Metal Hip Implants and Risks of Cobaltism: What are appropriate cobalt blood levels?

November 29, 2010
(updated March 7, 2011)

In light of recent news linking metal-on-metal (MoM) hip implants to metal toxicity, many patients are wondering what are acceptable levels of chromium and cobalt in their blood?

According to an orthopedic surgeon at the University of Pittsburgh Medical Center, Dr. Brian Klatt, levels in excess of 0.3 micrograms of chromium are considered abnormal, while more than 5 micrograms of cobalt are considered toxic. However, it should be noted that as of yet no data has been established to standardize what constitutes toxicity for either chromium or cobalt.

A number of doctors are advising that patients with cobalt levels greater than 7 should have their hip replaced with an implant that does not contain cobalt. Other doctors state that patients with cobalt levels over 5 should be heavily monitored and may require a revision surgery. According to the Alaska Medical Journal, patients with a cobalt level of greater than 7 mcg/l should be under regular observation for cardiac and neurological problems. And undoubtedly, patients with a cobalt level higher than 20 mcg/l have been advised by medical professionals to undergo hip revision surgery to have their metal implant replaced with a non-metal implant, or a hip implant that does not contain cobalt or chromium.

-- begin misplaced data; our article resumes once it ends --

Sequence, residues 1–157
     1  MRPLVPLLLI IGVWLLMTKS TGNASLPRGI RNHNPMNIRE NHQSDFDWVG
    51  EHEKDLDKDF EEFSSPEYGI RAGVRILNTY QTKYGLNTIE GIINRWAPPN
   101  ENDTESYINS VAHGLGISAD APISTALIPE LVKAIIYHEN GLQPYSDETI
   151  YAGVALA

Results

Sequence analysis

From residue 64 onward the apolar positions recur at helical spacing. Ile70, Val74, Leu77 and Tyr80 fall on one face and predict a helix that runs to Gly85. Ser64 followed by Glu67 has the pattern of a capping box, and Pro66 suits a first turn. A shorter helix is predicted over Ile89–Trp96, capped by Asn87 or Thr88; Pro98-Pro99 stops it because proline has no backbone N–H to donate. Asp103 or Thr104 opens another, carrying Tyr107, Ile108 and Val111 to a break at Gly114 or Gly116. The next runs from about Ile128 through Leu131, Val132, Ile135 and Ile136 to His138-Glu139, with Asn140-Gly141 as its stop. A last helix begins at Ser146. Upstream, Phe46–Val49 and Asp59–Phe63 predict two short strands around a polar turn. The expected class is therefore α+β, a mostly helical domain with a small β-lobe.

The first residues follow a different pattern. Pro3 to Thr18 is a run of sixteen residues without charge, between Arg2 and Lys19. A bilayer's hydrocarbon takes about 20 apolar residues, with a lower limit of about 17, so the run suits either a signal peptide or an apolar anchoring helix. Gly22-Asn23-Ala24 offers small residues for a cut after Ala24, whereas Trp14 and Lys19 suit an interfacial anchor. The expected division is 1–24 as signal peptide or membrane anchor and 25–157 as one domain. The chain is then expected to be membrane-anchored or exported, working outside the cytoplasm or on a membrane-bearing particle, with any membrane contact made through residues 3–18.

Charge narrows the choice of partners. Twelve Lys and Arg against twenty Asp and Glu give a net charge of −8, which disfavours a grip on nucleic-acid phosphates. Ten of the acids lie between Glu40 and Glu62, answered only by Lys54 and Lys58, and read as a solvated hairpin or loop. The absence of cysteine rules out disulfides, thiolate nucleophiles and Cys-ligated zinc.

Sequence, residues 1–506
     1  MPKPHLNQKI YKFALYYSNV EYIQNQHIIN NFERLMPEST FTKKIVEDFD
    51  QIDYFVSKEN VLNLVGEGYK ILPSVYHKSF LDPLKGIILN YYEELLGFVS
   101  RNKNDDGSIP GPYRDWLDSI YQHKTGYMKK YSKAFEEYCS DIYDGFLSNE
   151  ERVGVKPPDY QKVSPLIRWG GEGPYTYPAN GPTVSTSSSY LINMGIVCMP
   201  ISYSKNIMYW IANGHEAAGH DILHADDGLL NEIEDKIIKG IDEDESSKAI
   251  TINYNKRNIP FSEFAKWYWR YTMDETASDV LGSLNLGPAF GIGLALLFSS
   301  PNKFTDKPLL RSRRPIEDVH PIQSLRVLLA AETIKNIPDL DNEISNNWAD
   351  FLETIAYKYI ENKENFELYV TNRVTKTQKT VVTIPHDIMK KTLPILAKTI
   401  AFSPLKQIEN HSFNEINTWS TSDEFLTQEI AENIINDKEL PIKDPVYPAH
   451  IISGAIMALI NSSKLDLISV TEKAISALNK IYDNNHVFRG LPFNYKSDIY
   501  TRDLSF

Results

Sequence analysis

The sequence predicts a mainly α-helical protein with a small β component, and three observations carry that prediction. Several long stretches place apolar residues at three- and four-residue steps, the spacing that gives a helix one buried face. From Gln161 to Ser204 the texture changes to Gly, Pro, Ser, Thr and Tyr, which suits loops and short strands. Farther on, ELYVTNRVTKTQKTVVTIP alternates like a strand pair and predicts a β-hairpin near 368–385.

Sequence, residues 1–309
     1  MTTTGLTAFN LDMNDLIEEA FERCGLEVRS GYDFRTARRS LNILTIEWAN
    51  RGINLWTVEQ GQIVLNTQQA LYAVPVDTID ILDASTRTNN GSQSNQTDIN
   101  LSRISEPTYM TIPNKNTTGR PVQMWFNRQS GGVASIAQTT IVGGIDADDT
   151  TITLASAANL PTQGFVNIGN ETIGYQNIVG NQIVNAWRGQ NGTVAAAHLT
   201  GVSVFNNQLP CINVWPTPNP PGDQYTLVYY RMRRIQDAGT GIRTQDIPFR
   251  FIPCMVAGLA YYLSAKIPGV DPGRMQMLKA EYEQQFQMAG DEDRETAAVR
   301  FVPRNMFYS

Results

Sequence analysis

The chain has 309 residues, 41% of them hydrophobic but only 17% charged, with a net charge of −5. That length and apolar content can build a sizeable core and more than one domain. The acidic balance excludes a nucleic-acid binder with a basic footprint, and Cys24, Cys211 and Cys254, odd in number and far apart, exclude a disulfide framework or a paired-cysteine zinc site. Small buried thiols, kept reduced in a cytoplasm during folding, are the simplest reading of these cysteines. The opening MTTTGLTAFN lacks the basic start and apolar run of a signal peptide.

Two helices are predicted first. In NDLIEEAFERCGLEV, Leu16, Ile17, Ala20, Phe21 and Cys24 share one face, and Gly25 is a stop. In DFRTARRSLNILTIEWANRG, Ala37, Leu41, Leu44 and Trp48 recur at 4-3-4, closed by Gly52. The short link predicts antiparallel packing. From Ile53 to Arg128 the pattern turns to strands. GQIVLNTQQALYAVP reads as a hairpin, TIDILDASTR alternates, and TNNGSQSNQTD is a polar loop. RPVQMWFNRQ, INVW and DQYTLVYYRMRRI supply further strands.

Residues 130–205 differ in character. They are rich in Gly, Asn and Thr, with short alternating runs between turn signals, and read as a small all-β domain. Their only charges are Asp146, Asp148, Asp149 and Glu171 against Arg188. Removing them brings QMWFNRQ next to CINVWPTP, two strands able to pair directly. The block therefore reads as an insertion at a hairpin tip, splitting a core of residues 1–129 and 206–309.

Cobaltism, or cobalt toxicity, has been known to cause conditions including:

  • tinnitis
  • dementia
  • heart failure
  • deafness
  • vertigo
  • visual changes
  • rashes
  • hypothyroidism
  • tremor
  • dyspnea on exertion
  • mood disorders
  • peripheral neuropathy

What to do if you suspect you may have a metal-on-metal hip implant

If you have undergone hip replacement surgery and are concerned that you may be suffering from cobaltism, the first thing you should do is contact your doctor to find out which device was implanted in your body. Find out if a metal device was used and, if so, make sure your doctor monitors your blood cobalt levels. If the device used was the DePuy ASR XL Acetabular or ASR Resurfacing system, which were recalled in August 2010, you should make sure you are under the regular care of a physician who will perform the appropriate tests to monitor your health and determine whether you will need a revision surgery. Additionally, you should contact a medical device recall attorney to discuss your claim against DePuy.

If you need assistance in assessing whether or not your implant is a recalled device, our team can help in obtaining your medical records and establishing whether or not you have a valid claim.

Contact an Experienced Medical Device Recall Lawyer

Our medical device recall lawyers are experienced in successfully litigating lawsuits against major device manufacturers like Johnson & Johnson (the parent company to DePuy Orthopedics). Fill out the contact form on this page or call us toll free at 888-285-3333 for a free and confidential case evaluation.

Visit the FDA's website for more information about metal-on-metal implants

For more information on cobalt & chromium toxicity, visit our new website that features in-depth interviews with renown metal toxicology expert:

Hip Recall Resource Center

For more information on cobalt & chromium toxicity, visit our new website that features in-depth interviews with renown metal toxicology expert:

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